Researchers find possible link between autism and nuclear receptor protein LXRβ

Research by University of Houston scientists discovered a possible link between nuclear receptor protein LXRβ (Liver X receptor Beta) and autism spectrum disorder. They found that nuclear receptor LXRβ deletion causes poor development of dentate gyrus, a part of brain’s hippocampus. The dentate gyrus, or DG, is responsible for emotion and memory and is known… Continue reading Researchers find possible link between autism and nuclear receptor protein LXRβ

Research shows key role of FoxO proteins in osteoarthritis development

Research from scientists at The Scripps Research Institute explains why the risk of osteoarthritis increases as we age and offers a potential avenue for developing new treatments. The study’s findings suggest that FOXO proteins are responsible for the maintenance of healthy cells in the cartilage of our joints. The results are published in journal Science… Continue reading Research shows key role of FoxO proteins in osteoarthritis development

Large synthetic nanoparticles mimic biomolecules

Chemists at Carnegie Mellon University have demonstrated that synthetic nanoparticles can achieve the same level of structural complexity, hierarchy and accuracy as their natural counterparts biomolecules. The study, published in Science, also reveals the atomic-level mechanisms behind nanoparticle self-assembly. The structure of the largest gold nanoparticle to-date, Au246(SR)80, was resolved using x-ray crystallography. Credit: Rongchao… Continue reading Large synthetic nanoparticles mimic biomolecules

Protein Wnt5a is important in sustaining adult neuron structure in mice hippocampus

Humans and other vertebrates depend on a portion of the brain called the hippocampus for learning, memory and their sense of location. Nerve cell structures in the adult hippocampus are sustained by factors whose identities have remained largely mysterious so far. Now, research led by a Johns Hopkins University biologist Dr. Kuruvilla sheds light on… Continue reading Protein Wnt5a is important in sustaining adult neuron structure in mice hippocampus

Research in mice shows molecular mechanism underlying Oxycodone addiction

RGS9-2, a key signaling protein in the brain known to play a critical role in the development of addiction-related behaviors, acts as a positive modulator of oxycodone reward in both pain-free and chronic pain states, according to a study conducted at the Icahn School of Medicine at Mount Sinai and published in the journal Neuropsychopharmacology.… Continue reading Research in mice shows molecular mechanism underlying Oxycodone addiction

Role of retroviruses in evolution of human brain

Over millions of years, retroviruses have been incorporated into our human DNA, where they today make up almost 10 percent of the total genome. A research group at Lund University in Sweden has now discovered a mechanism through which these retroviruses may have an impact on gene expression. This means that they may have played… Continue reading Role of retroviruses in evolution of human brain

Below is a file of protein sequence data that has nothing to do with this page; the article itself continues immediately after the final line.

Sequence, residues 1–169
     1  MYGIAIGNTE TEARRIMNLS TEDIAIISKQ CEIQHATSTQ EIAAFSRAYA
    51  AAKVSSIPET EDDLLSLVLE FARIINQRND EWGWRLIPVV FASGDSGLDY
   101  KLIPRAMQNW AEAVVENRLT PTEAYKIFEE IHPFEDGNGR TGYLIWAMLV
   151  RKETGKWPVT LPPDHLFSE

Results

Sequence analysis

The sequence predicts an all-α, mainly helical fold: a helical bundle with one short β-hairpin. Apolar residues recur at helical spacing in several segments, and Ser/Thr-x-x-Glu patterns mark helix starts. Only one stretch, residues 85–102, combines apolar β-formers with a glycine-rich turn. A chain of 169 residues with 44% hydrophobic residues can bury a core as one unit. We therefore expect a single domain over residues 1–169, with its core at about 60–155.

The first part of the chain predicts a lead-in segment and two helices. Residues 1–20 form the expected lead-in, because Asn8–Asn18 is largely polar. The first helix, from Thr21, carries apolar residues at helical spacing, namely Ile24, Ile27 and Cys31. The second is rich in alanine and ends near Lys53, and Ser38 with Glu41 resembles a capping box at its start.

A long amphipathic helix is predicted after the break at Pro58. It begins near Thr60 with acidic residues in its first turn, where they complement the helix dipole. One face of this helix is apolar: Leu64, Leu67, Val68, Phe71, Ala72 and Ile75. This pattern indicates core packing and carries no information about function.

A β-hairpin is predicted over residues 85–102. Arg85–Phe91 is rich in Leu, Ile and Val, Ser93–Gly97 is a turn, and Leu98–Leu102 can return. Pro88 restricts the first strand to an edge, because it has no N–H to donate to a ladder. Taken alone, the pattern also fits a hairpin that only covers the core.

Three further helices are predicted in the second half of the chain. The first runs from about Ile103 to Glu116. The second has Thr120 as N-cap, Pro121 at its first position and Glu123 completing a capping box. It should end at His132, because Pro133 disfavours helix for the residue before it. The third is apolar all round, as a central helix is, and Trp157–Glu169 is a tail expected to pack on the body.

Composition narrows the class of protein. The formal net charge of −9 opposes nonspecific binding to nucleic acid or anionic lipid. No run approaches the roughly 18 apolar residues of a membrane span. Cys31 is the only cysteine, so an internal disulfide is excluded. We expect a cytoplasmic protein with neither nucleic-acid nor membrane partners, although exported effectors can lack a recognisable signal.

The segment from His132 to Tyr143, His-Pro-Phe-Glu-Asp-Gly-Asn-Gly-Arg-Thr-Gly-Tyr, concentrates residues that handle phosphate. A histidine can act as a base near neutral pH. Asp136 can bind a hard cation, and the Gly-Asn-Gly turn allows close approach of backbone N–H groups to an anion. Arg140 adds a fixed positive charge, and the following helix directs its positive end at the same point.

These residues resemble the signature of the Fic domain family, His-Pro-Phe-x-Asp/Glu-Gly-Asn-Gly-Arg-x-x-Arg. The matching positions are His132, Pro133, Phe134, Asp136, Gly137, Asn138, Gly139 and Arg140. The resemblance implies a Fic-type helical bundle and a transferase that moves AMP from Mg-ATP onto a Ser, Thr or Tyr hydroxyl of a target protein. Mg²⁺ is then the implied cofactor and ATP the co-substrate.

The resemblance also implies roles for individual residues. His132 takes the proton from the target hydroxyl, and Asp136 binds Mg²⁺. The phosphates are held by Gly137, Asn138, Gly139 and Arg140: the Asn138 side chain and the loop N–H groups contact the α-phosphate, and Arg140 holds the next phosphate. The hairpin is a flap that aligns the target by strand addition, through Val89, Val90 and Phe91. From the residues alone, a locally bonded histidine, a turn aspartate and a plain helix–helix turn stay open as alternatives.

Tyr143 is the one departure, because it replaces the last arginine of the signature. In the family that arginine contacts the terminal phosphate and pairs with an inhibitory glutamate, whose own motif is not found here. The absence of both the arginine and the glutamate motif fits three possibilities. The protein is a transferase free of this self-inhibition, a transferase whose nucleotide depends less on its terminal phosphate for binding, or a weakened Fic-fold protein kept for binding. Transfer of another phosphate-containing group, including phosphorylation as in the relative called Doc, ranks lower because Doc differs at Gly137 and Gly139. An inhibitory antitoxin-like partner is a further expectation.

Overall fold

Research unveils structure of crucial bacterial cell wall protein

Duke University researchers have provided the first close-up glimpse of a protein, called MurJ, which is crucial for building the bacterial cell wall and protecting it from outside attack. The research is published in Nature Structural and Molecular Biology. Researchers at Duke University solved the structure of an enzyme that is crucial for helping bacteria… Continue reading Research unveils structure of crucial bacterial cell wall protein

Computer models to analyze Huntington disease pathology

Rice University scientists have uncovered new details about how a repeating nucleotide sequence in the gene for a mutant protein may trigger Huntington’s and other neurological diseases. Researchers used computer models to analyze proteins suspected of misfolding and forming plaques in the brains of patients with neurological diseases. Their simulations confirmed experimental results by other… Continue reading Computer models to analyze Huntington disease pathology

Role of nerve growth factor in glucose metabolism

Research led by a Johns Hopkins University biologist demonstrates the workings of a biochemical pathway that helps control glucose in the bloodstream, a development that could potentially lead to treatments for diabetes. In a paper published in the current issue of Developmental Cell, Jessica Houtz, a graduate student working with Rejji Kuruvilla in the Department… Continue reading Role of nerve growth factor in glucose metabolism

Researchers discover how selenium is incorporated into proteins

Humans need eight essential trace elements for good health, and one of them is selenium – a powerful antioxidant that is important for thyroid and brain function as well as metabolism. But trace elements can’t be used by the body until they are integrated into a protein molecule. Selenium is unique because it is folded… Continue reading Researchers discover how selenium is incorporated into proteins